I could have written a book on how to shave in the dark without water. I got pretty good at it and did it several times per week for some time. It seemed that electricity outages also meant no water pressure since pumps use electricity...made sense though.  Drinking water had to be personally chlorinated, and we handed out baby medicine droppers to Servicemen and their families which were used to drop a set number of drops of Clorox per gallon of water. You needed two water containers-one for the water where the Clorox was still doing its job of chlorinating and the other container for the water that had met the required time for full chlorination. The kids were great at pointing out the good water from the bad water containers. 

The real horror for me came when I realized that we had a minimum of 13 folks (most of them children) on rabies vaccine at any one time. Getting vaccine released from "customs impoundment" was a real challenge and ultimately my obsession.  Everything was impounded until the Turkish customs officials cleared the shipment....and nobody knew when the inspector would arrive, if at all the day of the shipment.  I worried all the time, because I knew that while I was just an ordinary Air Force medical logistician, I was all they had in Turkey and I was where the buck stopped on medical supplies and equipment.  Failure to find ways to get the supplies into Country and released from customs to my customers throughout the Republic could very well result in the death of those who depended on my team.  Part of my daily regime like brushing my teeth and shaving was saying a prayer asking that no one die today, due to the lack of medical supplies or equipment.

We lost several shipments of Polio vaccine and Diphtheria, Pertussis and Tetanus (DPT) vaccines due to the impoundment of the vaccines and their spoilage in the impoundment yard.  We were living very close to the edge, barely keeping up with the demand for lifesaving medical products.  But we were in a disciplined orderly Air Force society. In today's America, what effect would these long term and persistent shortages have on the fabric of our society?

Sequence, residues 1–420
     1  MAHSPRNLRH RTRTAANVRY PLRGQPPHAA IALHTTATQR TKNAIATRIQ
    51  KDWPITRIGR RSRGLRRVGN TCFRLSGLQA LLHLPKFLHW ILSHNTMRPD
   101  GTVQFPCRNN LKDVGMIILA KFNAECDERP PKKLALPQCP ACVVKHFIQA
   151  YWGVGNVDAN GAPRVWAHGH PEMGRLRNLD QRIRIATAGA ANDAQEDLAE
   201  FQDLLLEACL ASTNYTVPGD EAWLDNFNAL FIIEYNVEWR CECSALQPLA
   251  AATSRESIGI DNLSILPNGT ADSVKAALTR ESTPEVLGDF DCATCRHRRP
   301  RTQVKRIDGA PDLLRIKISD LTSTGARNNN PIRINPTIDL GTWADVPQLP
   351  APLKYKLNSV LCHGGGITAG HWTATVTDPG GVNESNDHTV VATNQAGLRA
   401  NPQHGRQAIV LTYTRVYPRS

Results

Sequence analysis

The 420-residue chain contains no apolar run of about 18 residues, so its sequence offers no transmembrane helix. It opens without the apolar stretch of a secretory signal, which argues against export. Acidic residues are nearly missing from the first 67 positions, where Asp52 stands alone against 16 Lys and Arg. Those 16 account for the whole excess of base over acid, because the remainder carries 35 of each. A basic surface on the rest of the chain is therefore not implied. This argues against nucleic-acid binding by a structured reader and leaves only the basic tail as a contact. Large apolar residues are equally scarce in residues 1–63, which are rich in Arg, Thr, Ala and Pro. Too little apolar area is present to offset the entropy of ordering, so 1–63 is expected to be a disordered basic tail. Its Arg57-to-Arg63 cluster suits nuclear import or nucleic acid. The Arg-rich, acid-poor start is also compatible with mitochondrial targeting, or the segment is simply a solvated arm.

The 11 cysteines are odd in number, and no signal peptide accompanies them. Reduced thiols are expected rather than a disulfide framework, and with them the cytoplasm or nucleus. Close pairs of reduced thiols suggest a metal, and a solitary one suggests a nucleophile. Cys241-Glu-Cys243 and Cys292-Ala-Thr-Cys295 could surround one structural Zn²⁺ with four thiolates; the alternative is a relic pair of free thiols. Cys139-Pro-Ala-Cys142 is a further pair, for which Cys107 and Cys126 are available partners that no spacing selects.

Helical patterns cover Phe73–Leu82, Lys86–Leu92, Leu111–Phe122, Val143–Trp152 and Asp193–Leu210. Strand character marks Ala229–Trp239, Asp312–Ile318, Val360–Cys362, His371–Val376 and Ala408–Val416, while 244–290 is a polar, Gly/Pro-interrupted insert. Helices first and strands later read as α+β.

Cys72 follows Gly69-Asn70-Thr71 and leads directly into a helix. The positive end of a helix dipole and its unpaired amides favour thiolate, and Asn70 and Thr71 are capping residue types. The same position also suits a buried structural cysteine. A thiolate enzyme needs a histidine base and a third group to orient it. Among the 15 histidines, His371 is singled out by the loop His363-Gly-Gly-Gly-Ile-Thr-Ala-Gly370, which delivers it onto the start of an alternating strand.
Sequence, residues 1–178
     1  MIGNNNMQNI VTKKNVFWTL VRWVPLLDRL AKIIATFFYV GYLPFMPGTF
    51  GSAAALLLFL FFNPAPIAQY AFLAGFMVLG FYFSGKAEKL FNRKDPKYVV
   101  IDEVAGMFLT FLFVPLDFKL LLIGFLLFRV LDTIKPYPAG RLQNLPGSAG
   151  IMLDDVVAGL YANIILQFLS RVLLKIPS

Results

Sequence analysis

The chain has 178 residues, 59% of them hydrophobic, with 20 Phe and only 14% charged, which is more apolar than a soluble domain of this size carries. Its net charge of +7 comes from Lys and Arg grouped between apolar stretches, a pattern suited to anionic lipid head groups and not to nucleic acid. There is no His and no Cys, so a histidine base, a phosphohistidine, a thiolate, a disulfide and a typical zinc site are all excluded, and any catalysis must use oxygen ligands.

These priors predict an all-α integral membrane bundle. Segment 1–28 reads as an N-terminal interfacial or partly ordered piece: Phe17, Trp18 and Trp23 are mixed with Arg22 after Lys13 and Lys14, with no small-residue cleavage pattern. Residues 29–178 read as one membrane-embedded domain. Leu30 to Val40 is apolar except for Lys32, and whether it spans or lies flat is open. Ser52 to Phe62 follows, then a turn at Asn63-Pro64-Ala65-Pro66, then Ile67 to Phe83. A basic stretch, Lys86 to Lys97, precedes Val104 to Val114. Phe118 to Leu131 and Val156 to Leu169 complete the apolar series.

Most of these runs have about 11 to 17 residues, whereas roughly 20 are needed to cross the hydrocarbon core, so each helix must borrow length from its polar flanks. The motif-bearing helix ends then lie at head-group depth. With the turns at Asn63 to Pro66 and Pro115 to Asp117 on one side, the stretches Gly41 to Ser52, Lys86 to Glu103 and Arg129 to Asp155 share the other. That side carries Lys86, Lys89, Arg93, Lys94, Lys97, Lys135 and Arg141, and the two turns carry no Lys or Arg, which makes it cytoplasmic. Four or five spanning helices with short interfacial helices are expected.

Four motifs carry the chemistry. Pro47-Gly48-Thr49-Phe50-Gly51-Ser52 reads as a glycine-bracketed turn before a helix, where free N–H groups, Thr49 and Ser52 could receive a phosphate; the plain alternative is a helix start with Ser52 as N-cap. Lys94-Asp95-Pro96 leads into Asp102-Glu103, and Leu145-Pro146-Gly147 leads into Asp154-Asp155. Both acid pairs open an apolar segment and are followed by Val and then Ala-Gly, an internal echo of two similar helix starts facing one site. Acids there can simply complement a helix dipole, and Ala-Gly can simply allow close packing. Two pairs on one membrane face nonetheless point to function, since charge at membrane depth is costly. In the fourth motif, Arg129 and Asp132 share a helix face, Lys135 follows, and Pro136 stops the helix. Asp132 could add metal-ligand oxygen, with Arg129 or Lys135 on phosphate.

If we have knock down drag out fights over "Tickle Me Elmo" dolls at Christmas time, and long lines for I-Phones, imagine life during a Pandemic when anxious parents are waiting for infant formula outside supermarkets and drug stores when the supply trucks arrive with far too few supplies. You might ask "Why would we be out of common items during a Pandemic?" There are two main reasons.

1. The breakdown of "Just-In-Time" Supply Chain Management.  Our food, gasoline, pharmaceutical, consumer products and medical supply chains work pretty much the same way as our monetary systems....on faith that the materials will always be there for us. The folks have faith and trust in our financial systems, and so we don't see everyone across America withdrawing their money from banks when the stock market or currency markets fall.  The same thing is true with our other commodity groups. Typically, we only purchase what we need for a few days to a week or so. For pharmaceuticals, we normally have a portion of a month's supply of the drugs that maintain our heath.  We are not living in a "Culture of Scarcity," so the supply chains work beautifully based on very long, very accurate product consumption histories.

The Onslaught- When the first report comes out from the CDC that a "Novel Strain" of Influenza has arrived in North America all of us will take inventory of food and water, cold and flu medications, chronic illness supplies and pharmaceuticals and most of the other items we have around the house.  We all know what happens when a large segment of the population decides to stock up on the same items at the very same time. We see it in some cities when the weather service predicts a 3 inch snow event....bare shelves.